An Amtrak train that derailed on May 12, traveling more than 100 miles per hour on a known dangerous curve, has an unfortunate similarity to the Spuyten Dyvil crash in December 2013. In that incident, a Metro North train traveling at 82 miles per hour derailed on a treacherous curve, traveling at nearly three times the allowed speed.

Four passengers died in the Spuyten Dyvil derailment. Operator fatigue was deemed to be the cause for that accident. This most recent crash killed at least eight people and eight are listed in critical condition. In both cases, National Transportation Safety Board (NTSB) experts contend that a safety measure called “positive train control” (PTC) could have prevented the disasters.

Robert Sumwalt, a member of the NTSB, explained during a press conference on Wednesday that Amtrak already has a system in place called the Advanced Civil Speed Enforcement System (ACES), which is installed throughout most of the Northeast Corridor. “However, it is not installed where the accident occurred,” Sumwalt said. “That type of a system, we call it a positive train control system, is designed to enforce the civil speed, to keep the train below its maximum speed. We have called for positive train control for many years, it’s on our most wanted list. Congress has mandated that it be installed by the end of this year.”

Sumwalt continued, “Based on what we know right now, we feel that, had such a system been installed in this section of track, this accident would not have occurred.”

He said that a thorough walk-through of the accident site was conducted yesterday and that investigators will be looking into the track, the train control signal system and the operations of the train. “Our mission is to not only find out what happened, but why it happened to prevent it from happening again,” he said.

The looming question is why this safety measure was not in place, even though PTC has been called for since a collision in Chatsworth, California killed 25 people. The Rail Safety Improvement Act of 2008 mandates that PTC for passenger and freight trains be operational by the end of 2015. But because of high costs and the complexity of the system, Congress has been considering an extension until 2020.

According to the NTSB website:

In the aftermath of the Chatsworth tragedy, Congress enacted the Rail Safety Improvement Act of 2008. The Act requires each Class 1 rail carrier and each provider of regularly-scheduled intercity or commuter rail passenger service to implement a PTC system by Dec. 31, 2015. Progress is being made toward this lifesaving goal. Metrolink became the first commuter rail system to implement PTC, when it began a revenue service demonstration on the BNSF Railway. This demonstration project is a step in the right direction, and Metrolink reports it will implement PTC fully throughout its entire system before the Congressionally-mandated deadline.

It has been more than 45 years since the NTSB first recommended the forerunner to PTC. In the meantime, more PTC-preventable collisions and derailments occur, more lives are lost, and more people sustain injuries that change their lives forever.

Yet there is still doubt when PTC systems will be implemented nationwide as required by law.

Each death, each injury, and each accident that PTC could have prevented, testifies to the vital importance of implementing PTC now.

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Ongoing soft market conditions are the most widely-cited challenge facing the global reinsurance industry in 2015, according to a global study of reinsurance professionals by insurance software company Xuber. For its Global Reinsurance Survey, the company spoke with senior professionals including insurers, reinsurers, brokers, industry organizations, lawyers, insurance-linked securities (ILS) investment managers, analytics firms and modelers, across the U.K., U.S., Bermuda, Canada, Channel Islands, Cayman Islands, Germany and Switzerland about the top concerns and biggest opportunities facing the reinsurance industry today. Of those polled, 81% listed soft market conditions among their top five concerns, followed by competition from third party capital (66%), and mergers and acquisitions (M&A) (66%).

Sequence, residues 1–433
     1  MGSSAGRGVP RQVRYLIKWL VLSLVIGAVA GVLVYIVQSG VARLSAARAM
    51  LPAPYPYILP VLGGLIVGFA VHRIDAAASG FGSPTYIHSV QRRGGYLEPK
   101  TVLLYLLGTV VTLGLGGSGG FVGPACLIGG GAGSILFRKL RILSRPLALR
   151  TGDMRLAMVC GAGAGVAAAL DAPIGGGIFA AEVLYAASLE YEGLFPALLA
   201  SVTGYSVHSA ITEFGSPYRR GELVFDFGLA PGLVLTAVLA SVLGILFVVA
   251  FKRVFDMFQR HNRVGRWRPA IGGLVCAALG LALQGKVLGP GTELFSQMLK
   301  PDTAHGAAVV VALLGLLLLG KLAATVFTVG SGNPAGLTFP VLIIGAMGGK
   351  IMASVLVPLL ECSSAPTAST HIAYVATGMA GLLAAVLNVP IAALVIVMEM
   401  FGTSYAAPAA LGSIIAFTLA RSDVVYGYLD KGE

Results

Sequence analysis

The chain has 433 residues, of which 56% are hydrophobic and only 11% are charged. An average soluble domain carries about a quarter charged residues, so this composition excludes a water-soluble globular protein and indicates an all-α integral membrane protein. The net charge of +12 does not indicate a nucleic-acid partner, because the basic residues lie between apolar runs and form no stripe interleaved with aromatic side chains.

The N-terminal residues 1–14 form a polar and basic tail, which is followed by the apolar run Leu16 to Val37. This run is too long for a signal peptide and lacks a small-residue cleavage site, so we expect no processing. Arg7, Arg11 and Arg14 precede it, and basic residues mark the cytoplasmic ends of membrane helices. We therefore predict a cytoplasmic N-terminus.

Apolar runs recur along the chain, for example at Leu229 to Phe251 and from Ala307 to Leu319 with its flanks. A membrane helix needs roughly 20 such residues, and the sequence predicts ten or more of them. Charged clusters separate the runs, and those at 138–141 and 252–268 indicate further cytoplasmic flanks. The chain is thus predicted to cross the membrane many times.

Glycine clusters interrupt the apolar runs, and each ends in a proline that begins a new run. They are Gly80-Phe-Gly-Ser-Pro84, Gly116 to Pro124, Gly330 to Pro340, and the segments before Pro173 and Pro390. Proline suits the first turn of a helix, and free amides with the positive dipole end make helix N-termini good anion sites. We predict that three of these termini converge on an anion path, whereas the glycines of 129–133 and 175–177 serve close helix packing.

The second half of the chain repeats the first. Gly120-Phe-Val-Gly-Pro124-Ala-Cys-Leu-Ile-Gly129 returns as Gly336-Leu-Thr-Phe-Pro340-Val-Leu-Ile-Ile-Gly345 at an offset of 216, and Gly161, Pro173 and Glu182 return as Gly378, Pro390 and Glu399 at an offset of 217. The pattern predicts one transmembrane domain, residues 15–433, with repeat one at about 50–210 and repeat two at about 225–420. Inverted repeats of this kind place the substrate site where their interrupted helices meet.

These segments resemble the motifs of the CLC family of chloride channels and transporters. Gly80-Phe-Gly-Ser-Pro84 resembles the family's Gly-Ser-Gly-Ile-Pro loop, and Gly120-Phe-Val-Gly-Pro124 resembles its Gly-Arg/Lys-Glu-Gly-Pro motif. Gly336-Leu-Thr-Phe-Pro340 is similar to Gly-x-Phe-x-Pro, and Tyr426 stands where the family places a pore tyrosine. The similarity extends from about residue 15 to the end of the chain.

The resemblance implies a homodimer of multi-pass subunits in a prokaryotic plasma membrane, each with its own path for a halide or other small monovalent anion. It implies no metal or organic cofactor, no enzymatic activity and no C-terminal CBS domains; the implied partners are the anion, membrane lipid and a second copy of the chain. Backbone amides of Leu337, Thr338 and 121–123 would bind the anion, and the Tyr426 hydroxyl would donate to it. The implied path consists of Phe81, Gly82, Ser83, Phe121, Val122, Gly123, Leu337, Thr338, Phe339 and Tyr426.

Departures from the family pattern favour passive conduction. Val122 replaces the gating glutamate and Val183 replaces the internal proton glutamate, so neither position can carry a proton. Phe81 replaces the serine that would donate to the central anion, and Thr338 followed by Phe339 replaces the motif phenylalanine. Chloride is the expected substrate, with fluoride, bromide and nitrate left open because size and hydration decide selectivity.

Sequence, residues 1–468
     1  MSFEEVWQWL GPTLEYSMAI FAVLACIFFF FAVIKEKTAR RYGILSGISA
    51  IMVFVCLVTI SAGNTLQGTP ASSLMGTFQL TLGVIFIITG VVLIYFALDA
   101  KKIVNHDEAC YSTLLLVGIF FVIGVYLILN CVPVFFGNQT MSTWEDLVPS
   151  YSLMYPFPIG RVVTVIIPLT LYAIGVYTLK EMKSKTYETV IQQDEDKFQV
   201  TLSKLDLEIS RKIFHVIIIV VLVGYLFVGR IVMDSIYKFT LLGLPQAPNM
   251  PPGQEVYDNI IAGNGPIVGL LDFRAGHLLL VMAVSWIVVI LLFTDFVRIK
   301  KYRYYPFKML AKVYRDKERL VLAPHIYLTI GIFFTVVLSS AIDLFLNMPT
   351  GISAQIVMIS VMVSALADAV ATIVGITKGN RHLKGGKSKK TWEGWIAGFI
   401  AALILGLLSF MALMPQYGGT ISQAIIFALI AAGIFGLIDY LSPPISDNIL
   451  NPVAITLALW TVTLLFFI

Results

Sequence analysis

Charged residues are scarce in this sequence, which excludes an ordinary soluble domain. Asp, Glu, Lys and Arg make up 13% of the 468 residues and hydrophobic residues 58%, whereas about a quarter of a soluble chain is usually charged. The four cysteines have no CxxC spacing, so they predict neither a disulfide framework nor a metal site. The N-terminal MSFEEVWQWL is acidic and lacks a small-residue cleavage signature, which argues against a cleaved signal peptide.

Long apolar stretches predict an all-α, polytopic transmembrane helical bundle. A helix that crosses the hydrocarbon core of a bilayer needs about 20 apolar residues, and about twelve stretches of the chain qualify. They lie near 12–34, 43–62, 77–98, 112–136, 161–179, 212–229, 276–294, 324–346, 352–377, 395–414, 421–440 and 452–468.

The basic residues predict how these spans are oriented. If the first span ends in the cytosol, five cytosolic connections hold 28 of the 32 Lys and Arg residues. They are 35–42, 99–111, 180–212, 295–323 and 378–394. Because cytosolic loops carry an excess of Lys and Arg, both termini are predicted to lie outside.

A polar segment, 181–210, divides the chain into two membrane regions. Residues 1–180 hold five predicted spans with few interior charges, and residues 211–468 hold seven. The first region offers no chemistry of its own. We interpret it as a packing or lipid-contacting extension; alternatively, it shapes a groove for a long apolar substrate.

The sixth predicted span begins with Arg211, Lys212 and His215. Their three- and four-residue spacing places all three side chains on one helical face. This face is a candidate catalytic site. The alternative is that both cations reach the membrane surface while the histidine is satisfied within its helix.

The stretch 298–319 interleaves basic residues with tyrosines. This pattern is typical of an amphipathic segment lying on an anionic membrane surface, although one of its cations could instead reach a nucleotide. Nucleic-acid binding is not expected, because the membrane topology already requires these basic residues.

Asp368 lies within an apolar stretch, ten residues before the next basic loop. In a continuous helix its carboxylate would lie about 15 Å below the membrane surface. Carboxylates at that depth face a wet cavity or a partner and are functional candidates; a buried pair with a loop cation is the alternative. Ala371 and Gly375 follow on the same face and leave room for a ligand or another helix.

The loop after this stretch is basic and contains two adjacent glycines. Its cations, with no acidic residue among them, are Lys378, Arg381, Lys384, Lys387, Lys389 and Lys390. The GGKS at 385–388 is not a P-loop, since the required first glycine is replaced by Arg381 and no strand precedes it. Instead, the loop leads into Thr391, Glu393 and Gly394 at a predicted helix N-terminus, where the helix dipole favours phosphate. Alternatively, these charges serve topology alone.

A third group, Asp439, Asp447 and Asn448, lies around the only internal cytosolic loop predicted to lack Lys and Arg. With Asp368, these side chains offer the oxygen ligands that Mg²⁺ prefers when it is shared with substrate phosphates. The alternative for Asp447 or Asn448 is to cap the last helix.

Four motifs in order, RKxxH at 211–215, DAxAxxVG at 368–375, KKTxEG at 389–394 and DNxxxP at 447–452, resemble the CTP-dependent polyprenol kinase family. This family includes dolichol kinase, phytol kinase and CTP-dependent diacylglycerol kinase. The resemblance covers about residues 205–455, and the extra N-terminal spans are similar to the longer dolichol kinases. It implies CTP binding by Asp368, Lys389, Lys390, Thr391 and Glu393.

The top five challenges cited were:

Xuber Global Reinsurance Survey challenges

Experts within the field do see plenty of growth opportunities as well. Indeed, some of this potential is thanks to the soft market. According to the report, “Another opportunity in the soft market identified by 59% of executives was to create niche opportunities that showcase their expertise. In a squeezed market, opportunities can open up for enterprising businesses that can identify today’s emerging risks and those of tomorrow and create products that are tailored for them. This can be linked to using Big Data better (51%) and diversifying the business portfolio (42%).”

The top five business opportunities cited were:

Xuber Global Reinsurance Survey opportunities

“This survey unearthed a range of new business opportunities that can provide the competitive edge needed to survive and prosper in the current environment,” said Chris Baker, executive director at Xuber. “With margins tight and prices falling, reinsurers are under great pressure to ensure their processes are as efficient as possible. Surviving and prospering in the soft market will require companies to operate at optimal efficiency, and their IT systems will be central to this. Only the savviest of reinsurers who recognize that technology can be the catalyst for change will emerge unscathed.”

Other key insights from the study include:

Xuber Global Reinsurance Survey

 

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E-commerce business models have many advantages over brick-and-mortar retailers, including lower overhead, more flexibility in product and price testing, and more opportunities to manage inventory at optimal levels based on shopper behavior and current web analytics. However, an e-commerce business can’t escape all the realities of merchants with physical storefronts—including shoplifters.